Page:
Do Leased Cars Come with Insurance?
Leasing a car can be a great deal. You can drive a nicer vehicle with lower payments. But there are many differences between buying a car and leasing a car. Let’s look at how car insurance works with leased cars. Do leased cars come with insurance?
Who Pays For The Insurance When A Car Is Leased?
Typically, the person leasing the car provides the insurance, just like when you buy a car. There can be a few differences.
When you buy a car, you are required to have liability insurance equal to the minimum required by your state of residence. If your car is not paid for in full yet, you will also be required to have collision insurance and comprehensive insurance up to at least the amount of money that you still owe on the car. That way, if you get into an accident that totals the car, your creditor will get the remainder of the loan paid off.
Leasing a car is similar, but it is important to read the fine print in the lease agreement. The details will be in this agreement, and you will need to show proof of insurance to be able to lease the vehicle. The lessor may well require the following:
- Liability insurance, but this could be in much higher amounts than the state minimum.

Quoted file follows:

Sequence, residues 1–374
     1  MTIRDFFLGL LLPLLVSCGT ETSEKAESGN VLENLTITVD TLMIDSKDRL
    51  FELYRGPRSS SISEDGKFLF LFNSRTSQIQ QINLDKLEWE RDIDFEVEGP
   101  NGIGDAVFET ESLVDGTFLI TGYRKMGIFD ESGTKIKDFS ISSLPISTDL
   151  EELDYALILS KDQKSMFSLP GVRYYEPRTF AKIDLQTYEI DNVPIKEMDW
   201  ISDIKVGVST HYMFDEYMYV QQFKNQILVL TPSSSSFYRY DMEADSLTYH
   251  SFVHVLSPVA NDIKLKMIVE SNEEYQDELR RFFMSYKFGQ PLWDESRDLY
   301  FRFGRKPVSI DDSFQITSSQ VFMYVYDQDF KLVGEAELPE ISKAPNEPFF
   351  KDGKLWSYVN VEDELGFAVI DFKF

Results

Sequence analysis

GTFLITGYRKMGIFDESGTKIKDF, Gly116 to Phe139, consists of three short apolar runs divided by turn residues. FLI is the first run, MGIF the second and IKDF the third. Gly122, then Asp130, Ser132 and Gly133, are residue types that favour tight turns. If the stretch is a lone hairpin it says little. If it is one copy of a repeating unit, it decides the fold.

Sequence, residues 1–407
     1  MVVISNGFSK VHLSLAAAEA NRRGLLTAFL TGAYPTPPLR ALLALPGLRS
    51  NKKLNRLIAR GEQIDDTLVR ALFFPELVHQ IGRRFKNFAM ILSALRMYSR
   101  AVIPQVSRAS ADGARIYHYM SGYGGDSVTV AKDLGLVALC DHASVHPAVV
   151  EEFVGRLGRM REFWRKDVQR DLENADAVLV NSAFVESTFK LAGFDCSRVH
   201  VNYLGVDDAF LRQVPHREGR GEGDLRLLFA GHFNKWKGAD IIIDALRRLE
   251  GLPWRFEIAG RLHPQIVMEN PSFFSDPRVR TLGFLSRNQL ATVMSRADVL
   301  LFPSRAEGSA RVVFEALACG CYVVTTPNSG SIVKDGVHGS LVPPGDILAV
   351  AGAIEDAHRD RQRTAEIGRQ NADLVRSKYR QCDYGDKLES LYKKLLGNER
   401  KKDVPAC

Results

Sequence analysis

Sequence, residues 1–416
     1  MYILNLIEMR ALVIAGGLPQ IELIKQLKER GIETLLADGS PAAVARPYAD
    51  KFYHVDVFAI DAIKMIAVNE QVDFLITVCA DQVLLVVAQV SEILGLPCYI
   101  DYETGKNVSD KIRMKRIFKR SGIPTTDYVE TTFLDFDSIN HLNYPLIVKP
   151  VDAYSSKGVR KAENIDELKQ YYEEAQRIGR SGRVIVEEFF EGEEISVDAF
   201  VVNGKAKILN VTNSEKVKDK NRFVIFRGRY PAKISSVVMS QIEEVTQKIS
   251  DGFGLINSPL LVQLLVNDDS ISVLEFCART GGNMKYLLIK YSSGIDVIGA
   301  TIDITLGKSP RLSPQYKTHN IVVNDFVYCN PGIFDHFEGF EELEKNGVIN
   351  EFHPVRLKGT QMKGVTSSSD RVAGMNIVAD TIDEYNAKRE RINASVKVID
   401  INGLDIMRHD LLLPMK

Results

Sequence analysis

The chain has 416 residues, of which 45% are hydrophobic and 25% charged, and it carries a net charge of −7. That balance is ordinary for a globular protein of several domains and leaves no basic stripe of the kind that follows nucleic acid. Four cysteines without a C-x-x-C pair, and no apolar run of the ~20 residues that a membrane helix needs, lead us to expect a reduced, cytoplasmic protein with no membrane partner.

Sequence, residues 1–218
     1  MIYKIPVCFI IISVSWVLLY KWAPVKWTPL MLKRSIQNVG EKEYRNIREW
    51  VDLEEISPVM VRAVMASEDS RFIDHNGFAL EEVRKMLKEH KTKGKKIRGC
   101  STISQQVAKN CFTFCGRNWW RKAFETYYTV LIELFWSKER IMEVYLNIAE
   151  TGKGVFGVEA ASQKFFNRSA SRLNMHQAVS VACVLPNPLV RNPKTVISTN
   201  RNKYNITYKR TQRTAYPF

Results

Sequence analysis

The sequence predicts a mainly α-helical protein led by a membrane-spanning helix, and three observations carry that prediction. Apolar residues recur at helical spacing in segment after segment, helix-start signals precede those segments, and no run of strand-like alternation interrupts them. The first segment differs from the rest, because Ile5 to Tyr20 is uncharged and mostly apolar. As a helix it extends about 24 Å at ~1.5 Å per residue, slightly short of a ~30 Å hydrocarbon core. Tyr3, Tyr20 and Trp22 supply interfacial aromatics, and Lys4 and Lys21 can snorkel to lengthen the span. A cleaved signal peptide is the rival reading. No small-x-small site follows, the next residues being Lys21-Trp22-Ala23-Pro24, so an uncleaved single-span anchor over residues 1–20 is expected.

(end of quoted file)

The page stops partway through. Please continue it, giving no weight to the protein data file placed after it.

- Collision insurance to cover the car, often with a deductible of $500 or $1000.
- Comprehensive fire and theft insurance, often with a deductible of $500 or $1000.
In addition to reading the lease agreement fully before signing it, educate yourself about how leasing works. The federal reserve has a publication entitled “Keys to Vehicle Leasing,” which is a good place to start. The bottom line is that leasing a car is a different process than buying a car, and you will want to make an informed decision.
If I Lease A Used Car, Does It Come With A Warranty?
Perhaps. If you lease a “newer” used car, it may still be under the original manufacturer’s warranty. For example, if you lease a two-year-old car that originally had a three-year warranty, you will still have one year left on that warranty (assuming that no issues have taken place to break the warranty like excessive mileage). Some lessors will provide a warranty when you lease a used car. Warranty rights can also vary by state, so it is a good idea to learn what applies in your state of residence.
Be sure and keep up with your regular car maintenance. Failing to do so could cost you big bucks if your car has a problem.
What Happens If You Get Into An Accident In A Leased Car?
If you get into an accident that is someone else’s fault in your leased car, their insurance should cover any damage up to the limits of their policy. If the other driver is uninsured, then the uninsured driver portion of your insurance policy would go into effect to provide you with at least some protection.
If you get into an accident that is your fault, you will have to pay the deductible on your insurance and then your insurance policy would to paying for the other drivers damages up to the dollar limits of the policy.